There was no going back.
The days at Rita Berger began at eight when a morning shift worker would scream into each room’s intercom: “Time for meds!” The meds line scared the hell out of Amos.
Brooklyn Earl thought he knew Amos from somewhere and compulsively told Amos about his plans to get a haircut. Every morning, Earl put on a show with his brittle, black, plastic comb, badly irritating his scalp until he was subdued by a staff member. He was completely bald.
Louise, an emaciated grey-haired woman, applied her makeup as if she drank half a bottle of tequila. She ranted obsessively about public transportation.
“The 16 bus comes every eight and a half minutes except holidays last Thanksgiving I waited forty-seven minutes and nineteen seconds to get to my sister’s house the food stunk and I was fucking angry because she served tapioca pudding she knows I like VANILLA! I’m not going back which is good because they’re doing construction on 47th I’d have to take three buses. You’d think she’d remember VANILLA!”
Amos always went back to bed after the meds line. He left gigantic puddles on the bathroom floor and didn’t always flush the toilet. He hung his dirty underwear on the top of the shower door. On my way home each night I’d stop at a fancy restaurant and use the bathroom. Compared to ours, it was the Taj Mahal. I’d spend a long time in there, ignoring the angry knocks of paying customers, appreciating the wallpaper and lighting fixtures, promising myself I’d have a bathroom like this one day.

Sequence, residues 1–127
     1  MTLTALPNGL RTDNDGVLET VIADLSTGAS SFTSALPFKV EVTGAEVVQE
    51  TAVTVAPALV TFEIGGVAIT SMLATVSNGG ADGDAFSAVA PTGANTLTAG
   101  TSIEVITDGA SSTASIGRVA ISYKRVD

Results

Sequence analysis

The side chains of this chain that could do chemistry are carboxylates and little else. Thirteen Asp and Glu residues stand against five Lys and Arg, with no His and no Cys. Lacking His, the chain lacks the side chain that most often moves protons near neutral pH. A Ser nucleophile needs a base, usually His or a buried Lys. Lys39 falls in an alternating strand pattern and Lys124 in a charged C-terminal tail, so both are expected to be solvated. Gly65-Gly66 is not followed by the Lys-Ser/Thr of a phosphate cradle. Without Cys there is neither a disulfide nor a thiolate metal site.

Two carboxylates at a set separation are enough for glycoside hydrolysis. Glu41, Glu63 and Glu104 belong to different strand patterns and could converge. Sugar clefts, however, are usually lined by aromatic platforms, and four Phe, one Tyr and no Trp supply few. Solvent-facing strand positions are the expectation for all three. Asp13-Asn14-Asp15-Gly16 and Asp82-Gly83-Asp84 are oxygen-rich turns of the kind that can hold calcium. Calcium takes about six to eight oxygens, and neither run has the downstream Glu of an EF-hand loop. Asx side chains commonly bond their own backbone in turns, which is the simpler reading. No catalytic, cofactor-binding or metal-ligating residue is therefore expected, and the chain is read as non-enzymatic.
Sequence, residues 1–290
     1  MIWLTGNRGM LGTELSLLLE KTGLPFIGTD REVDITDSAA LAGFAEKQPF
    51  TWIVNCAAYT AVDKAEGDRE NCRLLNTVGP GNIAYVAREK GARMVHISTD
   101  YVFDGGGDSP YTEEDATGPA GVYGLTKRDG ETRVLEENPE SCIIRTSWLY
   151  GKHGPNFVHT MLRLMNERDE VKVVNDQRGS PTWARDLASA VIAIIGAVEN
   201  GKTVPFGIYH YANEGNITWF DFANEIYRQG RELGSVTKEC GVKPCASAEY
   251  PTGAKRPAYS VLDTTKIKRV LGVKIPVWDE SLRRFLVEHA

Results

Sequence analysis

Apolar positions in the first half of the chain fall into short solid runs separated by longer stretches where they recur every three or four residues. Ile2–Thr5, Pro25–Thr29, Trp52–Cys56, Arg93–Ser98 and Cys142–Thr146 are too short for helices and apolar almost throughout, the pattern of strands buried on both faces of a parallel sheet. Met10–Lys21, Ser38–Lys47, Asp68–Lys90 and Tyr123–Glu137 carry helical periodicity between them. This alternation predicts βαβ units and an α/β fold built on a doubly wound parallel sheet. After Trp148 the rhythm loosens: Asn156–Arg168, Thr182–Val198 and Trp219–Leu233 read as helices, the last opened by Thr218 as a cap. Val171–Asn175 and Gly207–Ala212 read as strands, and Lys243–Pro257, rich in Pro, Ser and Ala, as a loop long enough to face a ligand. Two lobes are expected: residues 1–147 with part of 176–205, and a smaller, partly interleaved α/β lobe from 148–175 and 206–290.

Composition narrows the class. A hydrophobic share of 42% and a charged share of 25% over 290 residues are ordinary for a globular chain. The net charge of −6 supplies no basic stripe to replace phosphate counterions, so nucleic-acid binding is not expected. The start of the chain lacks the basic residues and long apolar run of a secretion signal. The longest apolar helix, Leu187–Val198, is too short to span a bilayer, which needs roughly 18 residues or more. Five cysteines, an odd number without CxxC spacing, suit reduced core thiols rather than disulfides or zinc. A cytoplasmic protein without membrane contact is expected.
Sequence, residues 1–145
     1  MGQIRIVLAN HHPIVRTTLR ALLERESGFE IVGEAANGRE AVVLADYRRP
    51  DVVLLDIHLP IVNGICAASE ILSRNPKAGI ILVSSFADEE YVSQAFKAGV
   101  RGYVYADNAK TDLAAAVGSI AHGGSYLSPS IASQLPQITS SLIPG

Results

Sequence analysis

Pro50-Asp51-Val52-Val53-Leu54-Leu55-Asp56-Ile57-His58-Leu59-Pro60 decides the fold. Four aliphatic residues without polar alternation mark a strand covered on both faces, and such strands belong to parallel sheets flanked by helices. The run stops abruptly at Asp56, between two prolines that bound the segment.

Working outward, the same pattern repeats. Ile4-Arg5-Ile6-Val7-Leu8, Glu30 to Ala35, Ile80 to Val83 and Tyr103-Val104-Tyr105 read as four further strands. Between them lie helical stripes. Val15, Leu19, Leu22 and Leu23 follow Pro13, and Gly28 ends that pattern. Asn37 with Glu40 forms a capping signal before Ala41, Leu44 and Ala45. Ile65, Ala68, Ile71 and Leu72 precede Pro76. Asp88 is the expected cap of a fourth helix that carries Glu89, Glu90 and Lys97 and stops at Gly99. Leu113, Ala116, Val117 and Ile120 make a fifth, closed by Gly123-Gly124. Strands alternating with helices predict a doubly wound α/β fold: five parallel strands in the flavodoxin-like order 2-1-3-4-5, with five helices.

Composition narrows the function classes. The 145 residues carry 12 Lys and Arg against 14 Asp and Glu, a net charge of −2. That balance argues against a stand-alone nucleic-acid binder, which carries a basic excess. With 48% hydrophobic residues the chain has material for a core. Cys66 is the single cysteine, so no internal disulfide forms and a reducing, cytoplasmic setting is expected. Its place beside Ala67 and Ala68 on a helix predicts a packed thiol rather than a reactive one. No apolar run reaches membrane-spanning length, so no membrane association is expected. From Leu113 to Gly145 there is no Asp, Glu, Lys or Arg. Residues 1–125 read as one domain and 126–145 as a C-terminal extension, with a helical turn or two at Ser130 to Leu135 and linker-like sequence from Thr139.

Amos snored like a thunderstorm. I was afraid of slipping on the bathroom floor and getting there was creepy. He slept directly in front of it. In the dark, I tried to pass him without making body contact. His tractor-trailer thighs were brutishly exposed under his psych ward gown. A couple of times I grazed them, but nothing happened. I used to think about melting butter and basting them with a soft brush.
It was almost impossible to sleep because of Amos’ goddamn radio. I kept hearing the same news stories every twenty minutes. I’d go downstairs and watch the communal TV, appreciating the peace and quiet. Sometimes a resident would watch with me. They always asked about Amos.
“You live with that big guy, what’s he like?”
One night, this guy Rasahn came to watch with me. All of a sudden, Doug the overnight counselor bounded out of the office: “Rasahn, your song is on!”